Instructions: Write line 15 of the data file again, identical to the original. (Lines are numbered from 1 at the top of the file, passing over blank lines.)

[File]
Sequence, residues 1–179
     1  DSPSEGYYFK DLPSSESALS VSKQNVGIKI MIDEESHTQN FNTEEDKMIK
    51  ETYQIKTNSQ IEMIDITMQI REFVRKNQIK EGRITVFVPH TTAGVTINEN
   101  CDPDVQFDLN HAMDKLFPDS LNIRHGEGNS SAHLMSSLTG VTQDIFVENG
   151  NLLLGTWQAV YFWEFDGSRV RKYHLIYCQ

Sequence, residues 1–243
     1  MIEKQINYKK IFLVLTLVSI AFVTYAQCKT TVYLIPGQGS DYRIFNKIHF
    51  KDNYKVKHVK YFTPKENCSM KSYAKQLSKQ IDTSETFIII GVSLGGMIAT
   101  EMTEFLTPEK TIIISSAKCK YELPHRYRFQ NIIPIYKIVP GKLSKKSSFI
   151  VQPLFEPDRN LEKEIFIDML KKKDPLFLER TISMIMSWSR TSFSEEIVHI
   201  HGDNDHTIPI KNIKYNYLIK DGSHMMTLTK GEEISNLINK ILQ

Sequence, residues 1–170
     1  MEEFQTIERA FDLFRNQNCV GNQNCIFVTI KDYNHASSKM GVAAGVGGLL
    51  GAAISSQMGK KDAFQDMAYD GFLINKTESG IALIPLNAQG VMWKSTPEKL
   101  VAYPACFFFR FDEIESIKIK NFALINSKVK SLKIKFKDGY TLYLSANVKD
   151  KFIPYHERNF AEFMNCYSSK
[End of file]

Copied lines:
   101  VAYPACFFFR FDEIESIKIK NFALINSKVK SLKIKFKDGY TLYLSANVKD